Scotland prosecute stalking at impressive 20x the rate of the rest of the UK

Scotland prosecute stalking at impressive 20x the rate of the rest of the UK

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Embargo until: 30th December 2012

Stalkers in Scotland are over 20 times more likely to be prosecuted than in England or Wales. Prioritisation, support infrastructure in place at every stage and appropriate training are the keys to Scotland’s runaway success.

The Digital-Trust is recommending and campaigning to have the England and Wales criminal justice system adopt the successful Scottish practices that have delivered better results for victims.

Harry Fletcher explains, ‘stalking is increasing due to technology so it paramount that we improve the criminal justices ability to deal with this escalating problem. Scotland’s law is simple to understand, their staff has been trained and there are specialist prosecutors. This may well account for the sharp differences will England and Wales. Attention must urgently be given to improving training south of the border’

Scotland introduced their laws in December 2010, nearly two years before the England and Wales which has been in force since 25 November 2012. Both has been laws operational throughout the last two years but differences in approach are highlighted by surprising difference in prosecution rates.

The latest Statistics from the Scottish Crown Office show that the number of prosecutions commenced during the year 2013 to 2014 totalled 1,327 instances (that’s two in every 10,000 persons or .002%). In the comparable period England and Wales which combined are 11 times the size of Scotland had only charged 734 cases (.13 in every 10,000 persons or .00013%). That translates to a difference of 20 to 1 per capita.

The principal reason for the higher prosecution rate in Scotland is that the COPFS (Crown Office and Procurator Fiscal Service) have appointed a national lead prosecutor for all cases involving stalking.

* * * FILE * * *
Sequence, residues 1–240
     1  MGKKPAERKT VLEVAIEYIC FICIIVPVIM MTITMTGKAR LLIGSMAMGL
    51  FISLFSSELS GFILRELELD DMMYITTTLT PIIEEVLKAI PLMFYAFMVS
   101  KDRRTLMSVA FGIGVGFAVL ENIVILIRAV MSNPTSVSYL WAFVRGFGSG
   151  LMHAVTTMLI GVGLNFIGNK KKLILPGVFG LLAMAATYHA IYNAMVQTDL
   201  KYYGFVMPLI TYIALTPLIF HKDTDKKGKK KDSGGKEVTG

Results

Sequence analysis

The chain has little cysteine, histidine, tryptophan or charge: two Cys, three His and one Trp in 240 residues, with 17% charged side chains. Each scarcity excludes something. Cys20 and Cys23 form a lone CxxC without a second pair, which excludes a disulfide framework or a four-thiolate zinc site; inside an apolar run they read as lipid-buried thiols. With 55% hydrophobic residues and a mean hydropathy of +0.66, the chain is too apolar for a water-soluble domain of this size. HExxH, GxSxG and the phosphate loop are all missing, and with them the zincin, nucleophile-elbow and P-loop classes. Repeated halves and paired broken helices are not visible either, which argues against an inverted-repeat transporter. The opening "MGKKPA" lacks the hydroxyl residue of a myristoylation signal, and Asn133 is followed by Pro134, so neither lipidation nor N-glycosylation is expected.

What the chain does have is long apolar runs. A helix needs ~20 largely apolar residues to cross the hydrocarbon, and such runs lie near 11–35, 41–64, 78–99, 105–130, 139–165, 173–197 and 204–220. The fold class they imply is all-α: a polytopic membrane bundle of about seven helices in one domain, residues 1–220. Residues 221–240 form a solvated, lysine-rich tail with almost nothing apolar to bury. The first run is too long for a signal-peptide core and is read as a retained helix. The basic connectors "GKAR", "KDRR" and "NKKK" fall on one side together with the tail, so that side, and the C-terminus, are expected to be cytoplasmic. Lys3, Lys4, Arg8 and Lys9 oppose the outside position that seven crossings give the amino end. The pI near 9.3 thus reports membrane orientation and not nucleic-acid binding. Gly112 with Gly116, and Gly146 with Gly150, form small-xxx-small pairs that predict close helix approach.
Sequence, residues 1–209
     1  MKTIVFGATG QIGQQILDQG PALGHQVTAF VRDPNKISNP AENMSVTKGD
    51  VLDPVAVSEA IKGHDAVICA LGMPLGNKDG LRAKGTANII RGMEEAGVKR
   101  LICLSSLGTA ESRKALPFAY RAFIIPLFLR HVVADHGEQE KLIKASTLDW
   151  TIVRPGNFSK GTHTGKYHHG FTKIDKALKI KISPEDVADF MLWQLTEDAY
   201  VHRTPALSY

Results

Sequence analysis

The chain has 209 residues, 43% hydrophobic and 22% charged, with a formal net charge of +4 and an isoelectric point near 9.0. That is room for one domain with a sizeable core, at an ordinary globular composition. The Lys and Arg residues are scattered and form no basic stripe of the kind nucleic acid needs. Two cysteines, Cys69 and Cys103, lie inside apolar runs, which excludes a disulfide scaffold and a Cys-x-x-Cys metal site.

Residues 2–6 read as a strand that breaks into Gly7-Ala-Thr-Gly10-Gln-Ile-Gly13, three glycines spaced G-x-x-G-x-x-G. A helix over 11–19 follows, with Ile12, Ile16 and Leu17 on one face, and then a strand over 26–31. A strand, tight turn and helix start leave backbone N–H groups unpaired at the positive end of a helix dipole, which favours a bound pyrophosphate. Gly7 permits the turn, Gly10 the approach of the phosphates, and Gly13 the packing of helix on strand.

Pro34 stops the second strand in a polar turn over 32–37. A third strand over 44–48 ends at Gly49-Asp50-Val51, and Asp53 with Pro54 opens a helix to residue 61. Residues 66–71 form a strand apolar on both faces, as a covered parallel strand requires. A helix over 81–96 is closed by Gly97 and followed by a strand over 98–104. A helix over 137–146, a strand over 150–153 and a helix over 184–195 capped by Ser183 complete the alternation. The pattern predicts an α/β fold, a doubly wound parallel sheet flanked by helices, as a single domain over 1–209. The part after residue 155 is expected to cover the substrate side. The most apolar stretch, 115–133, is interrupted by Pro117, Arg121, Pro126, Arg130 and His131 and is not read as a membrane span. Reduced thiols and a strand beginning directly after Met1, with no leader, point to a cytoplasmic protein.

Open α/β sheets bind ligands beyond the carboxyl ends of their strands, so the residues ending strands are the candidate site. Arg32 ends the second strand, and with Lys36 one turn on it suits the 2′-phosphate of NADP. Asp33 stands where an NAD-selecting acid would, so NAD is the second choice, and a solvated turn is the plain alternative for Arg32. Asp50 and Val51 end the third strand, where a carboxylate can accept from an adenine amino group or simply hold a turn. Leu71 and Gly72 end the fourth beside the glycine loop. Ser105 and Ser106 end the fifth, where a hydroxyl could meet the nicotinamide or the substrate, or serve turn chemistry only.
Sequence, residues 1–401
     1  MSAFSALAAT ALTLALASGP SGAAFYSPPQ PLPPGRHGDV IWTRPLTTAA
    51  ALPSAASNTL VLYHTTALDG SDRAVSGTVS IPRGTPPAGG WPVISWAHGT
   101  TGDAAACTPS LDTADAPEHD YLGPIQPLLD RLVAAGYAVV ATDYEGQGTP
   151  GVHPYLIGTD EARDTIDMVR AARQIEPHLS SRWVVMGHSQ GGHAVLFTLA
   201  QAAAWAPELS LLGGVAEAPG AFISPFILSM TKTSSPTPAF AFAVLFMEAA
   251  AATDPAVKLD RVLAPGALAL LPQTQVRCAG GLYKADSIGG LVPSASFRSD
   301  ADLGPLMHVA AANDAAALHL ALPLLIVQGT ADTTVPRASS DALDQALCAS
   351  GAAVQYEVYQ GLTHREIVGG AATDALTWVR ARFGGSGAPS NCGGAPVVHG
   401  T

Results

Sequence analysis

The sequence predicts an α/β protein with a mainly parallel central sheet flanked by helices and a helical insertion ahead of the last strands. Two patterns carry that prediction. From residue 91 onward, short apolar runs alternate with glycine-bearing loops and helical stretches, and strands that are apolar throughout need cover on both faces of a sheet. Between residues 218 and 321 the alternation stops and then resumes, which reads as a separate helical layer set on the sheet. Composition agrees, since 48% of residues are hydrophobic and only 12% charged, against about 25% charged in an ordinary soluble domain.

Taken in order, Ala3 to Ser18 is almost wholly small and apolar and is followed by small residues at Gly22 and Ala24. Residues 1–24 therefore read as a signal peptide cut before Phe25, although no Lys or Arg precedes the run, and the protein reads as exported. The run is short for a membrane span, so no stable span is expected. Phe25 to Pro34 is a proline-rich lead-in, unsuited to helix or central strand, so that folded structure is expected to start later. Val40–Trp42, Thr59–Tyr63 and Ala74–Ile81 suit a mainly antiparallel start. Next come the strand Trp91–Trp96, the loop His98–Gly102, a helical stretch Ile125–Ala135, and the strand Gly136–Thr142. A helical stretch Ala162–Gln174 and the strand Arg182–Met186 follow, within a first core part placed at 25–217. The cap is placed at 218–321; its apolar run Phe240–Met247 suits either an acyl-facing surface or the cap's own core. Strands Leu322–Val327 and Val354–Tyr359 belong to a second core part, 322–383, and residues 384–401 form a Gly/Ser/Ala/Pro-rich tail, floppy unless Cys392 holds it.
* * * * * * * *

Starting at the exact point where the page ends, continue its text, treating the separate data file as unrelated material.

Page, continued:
This role acts as an expert resource to prosecutors considering and prosecuting such offences. In addition, only prosecutors who have undergone a specialist training course on victims and witnesses of domestic abuse are permitted to mark and prosecute stalking cases.

The COPFS prosecution policy emphasises the dynamics behind stalking to assist prosecutors in making the best decisions in the public interest. Victims of stalking are also referred to a dedicated specially trained Victim Information and Advice Service of the COPFS to ensure that victims are kept informed of developments and are engaged and supported throughout the criminal justice process. This would arguably increase victims’ confidence in the system and increase success rates.

In addition, Scotland has also introduced an innovative case recovery strategy. It can be used if a victim is failed by the criminal justice system and ensures that there is a timely review of their case.

Police Scotland and the Crown Office have also deemed stalking to be a Top Priority listed crime and Parliament is currently reviewing the status of predatory offences to make sure officers treat psychological damage to a victim as a serious behaviour

There are also significant inconsistences between Police areas in England and Wales for prosecutions under the new Stalking Laws. Across the 2 year period there were 45 prosecutions in West Yorkshire compared to 13 in South Yorkshire. There were 9 in Durham and 39 in Northumbria. In Greater Manchester there were 75 whilst in Merseyside there were 22. The differences may well be a reflection of Training and Police area priorities.

The most recent statistics from January 2014 show that 5,949 staff in Manchester had done some Training compared to 92 in Merseyside and 6,026 staff had viewed e learning in West Yorkshire compared in 29 in the South of the County.

“Abusive partners use technology to spy on their partners. This stalking behaviour can take place while they are still living together or after they have separated. So, it is important that we start to look at the impact of technology on domestic abuse” says Jennifer Perry, CEO of the Digital-Trust.

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